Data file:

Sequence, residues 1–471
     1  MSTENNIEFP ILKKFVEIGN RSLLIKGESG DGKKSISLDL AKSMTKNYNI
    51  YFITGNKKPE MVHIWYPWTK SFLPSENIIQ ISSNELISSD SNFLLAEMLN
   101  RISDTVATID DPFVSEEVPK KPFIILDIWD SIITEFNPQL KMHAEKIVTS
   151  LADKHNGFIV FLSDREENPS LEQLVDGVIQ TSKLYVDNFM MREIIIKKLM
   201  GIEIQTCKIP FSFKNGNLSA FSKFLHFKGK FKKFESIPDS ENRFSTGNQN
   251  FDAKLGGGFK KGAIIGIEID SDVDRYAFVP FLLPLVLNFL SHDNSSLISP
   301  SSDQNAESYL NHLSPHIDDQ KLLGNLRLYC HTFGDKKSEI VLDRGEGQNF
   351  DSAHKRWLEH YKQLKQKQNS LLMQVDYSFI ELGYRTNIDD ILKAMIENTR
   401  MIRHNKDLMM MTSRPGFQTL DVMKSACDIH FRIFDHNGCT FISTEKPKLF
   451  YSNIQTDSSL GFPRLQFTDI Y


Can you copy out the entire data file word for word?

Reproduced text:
Sequence, residues 1–471
     1  MSTENNIEFP ILKKFVEIGN RSLLIKGESG DGKKSISLDL AKSMTKNYNI
    51  YFITGNKKPE MVHIWYPWTK SFLPSENIIQ ISSNELISSD SNFLLAEMLN
   101  RISDTVATID DPFVSEEVPK KPFIILDIWD SIITEFNPQL KMHAEKIVTS
   151  LADKHNGFIV FLSDREENPS LEQLVDGVIQ TSKLYVDNFM MREIIIKKLM
   201  GIEIQTCKIP FSFKNGNLSA FSKFLHFKGK FKKFESIPDS ENRFSTGNQN
   251  FDAKLGGGFK KGAIIGIEID SDVDRYAFVP FLLPLVLNFL SHDNSSLISP
   301  SSDQNAESYL NHLSPHIDDQ KLLGNLRLYC HTFGDKKSEI VLDRGEGQNF
   351  DSAHKRWLEH YKQLKQKQNS LLMQVDYSFI ELGYRTNIDD ILKAMIENTR
   401  MIRHNKDLMM MTSRPGFQTL DVMKSACDIH FRIFDHNGCT FISTEKPKLF
   451  YSNIQTDSSL GFPRLQFTDI Y